Spenser Heaps, Deseret News
FILE - People congregate near The Road Home and the St. Vincent de Paul dining hall on Rio Grande Street in Salt Lake City on Tuesday, Jan. 03, 2017. City leaders took another step toward building the new homeless resource centers meant to replace the troubled downtown shelter once it shutters in 2019.

SALT LAKE CITY — City leaders took another step toward building the new homeless resource centers meant to replace the troubled downtown shelter once it shutters in 2019.

The Salt Lake City Council Tuesday night unanimously approved an ordinance setting requirements the future homeless resource centers must comply with in order to operate within the city.

The new ordinance allows the centers to operate under a conditional use permit as long as the centers' operators abide by the certain requirements, among which is a maximum capacity of 200, including overflow but not staff.

Two, 200-bed homeless resource centers are planned to be built in Salt Lake City, while the third, 300-bed facility will be built in South Salt Lake.

The Road Home's nearly 1,100-bed homeless shelter is slated to shut its doors in July 2019, while the new resource centers are expected to open in June 2019, owned by the nonprofit Shelter the Homeless Inc.

The new ordinance requires the centers to maintain continuous on-site security and emergency services, and ensure any areas for queuing take place "within the footprint of the principal building and will not occur on any public street or sidewalk."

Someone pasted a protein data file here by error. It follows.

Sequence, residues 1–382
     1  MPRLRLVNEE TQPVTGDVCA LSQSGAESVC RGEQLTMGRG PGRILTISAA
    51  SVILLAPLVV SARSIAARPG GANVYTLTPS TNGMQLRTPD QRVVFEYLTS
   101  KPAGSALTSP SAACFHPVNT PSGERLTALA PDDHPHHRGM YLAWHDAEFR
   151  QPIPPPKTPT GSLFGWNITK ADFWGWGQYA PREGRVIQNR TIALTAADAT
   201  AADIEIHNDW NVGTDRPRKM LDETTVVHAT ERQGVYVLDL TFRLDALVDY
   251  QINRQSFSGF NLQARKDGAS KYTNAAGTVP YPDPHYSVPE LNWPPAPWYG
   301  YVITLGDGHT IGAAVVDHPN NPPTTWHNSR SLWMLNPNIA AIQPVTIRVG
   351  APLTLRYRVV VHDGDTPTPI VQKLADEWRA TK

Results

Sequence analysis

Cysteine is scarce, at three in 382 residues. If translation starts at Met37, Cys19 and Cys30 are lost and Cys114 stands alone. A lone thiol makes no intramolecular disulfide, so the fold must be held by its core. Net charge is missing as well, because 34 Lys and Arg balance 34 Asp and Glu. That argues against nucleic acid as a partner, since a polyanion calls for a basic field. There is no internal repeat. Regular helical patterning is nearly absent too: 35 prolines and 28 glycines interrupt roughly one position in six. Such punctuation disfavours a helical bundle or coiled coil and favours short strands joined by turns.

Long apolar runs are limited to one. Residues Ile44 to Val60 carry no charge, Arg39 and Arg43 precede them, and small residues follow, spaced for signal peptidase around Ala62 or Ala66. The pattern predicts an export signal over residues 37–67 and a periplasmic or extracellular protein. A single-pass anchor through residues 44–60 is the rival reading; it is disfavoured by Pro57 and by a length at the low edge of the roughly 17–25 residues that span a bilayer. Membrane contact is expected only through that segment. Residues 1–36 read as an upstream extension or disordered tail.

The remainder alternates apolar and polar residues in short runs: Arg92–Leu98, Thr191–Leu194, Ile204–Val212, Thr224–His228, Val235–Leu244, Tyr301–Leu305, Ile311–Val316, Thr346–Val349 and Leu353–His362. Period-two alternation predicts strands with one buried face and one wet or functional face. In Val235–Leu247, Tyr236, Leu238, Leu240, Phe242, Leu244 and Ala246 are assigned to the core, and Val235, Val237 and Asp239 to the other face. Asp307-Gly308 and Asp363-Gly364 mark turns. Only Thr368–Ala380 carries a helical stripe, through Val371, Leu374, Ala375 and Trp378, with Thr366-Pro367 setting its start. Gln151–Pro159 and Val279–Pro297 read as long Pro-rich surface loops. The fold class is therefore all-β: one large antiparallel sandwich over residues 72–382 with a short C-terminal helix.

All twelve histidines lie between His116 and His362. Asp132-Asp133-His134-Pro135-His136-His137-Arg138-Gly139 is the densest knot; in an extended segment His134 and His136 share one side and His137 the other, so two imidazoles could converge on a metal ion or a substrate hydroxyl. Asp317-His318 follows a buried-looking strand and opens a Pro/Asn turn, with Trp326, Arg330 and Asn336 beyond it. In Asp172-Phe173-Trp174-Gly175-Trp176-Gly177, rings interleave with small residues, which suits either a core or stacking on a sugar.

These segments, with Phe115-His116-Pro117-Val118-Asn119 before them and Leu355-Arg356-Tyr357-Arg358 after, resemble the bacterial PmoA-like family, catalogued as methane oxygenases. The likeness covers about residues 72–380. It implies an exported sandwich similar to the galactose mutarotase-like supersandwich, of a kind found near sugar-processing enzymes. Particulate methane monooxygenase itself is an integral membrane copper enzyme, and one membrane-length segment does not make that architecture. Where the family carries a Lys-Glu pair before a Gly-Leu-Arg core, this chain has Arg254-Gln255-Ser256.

It also requires a "decorative masonry wall" at a minimum of 6 feet high to border the facility, with a fence no taller than 3 feet high at the front property line.

The centers have a security and operation plan approved by the Salt Lake City Police Department and Community and Neighborhoods Department, and a community relations and complaint response program that "identifies specific strategies and methods designed to maintain the premises in a clean and orderly condition," according to the ordinance.

The program shall also "minimize potential conflicts with the owners/operators and uses of neighboring property and prohibit unlawful behavior by occupants" of the homeless center, the ordinance states.

The ordinance says the complaint response program shall include a representative of the homeless resource center who will meet with neighbors "upon request to resolve any neighborhood complaints regarding operation of the center," along with a 24-hour hotline for complaints.

The ordinance also requires quarterly meetings with a "community coordinating group" that will be open to the public to address neighborhood concerns.

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The six-member group will include representatives from the homeless center, representatives from a business; a resident and a school located within a quarter-mile of the site; a representative from the community council whose boundary encompasses the site; and an individual who has previously received or is currently receiving services from the homeless center, the ordinance states.

The ordinance also requires a provision stating that any trash strewn on the premises of the centers be collected by 6 a.m. the following day.

The City Council approved the ordinance with no discussion on Tuesday, but its vote came after two public hearings in September and October.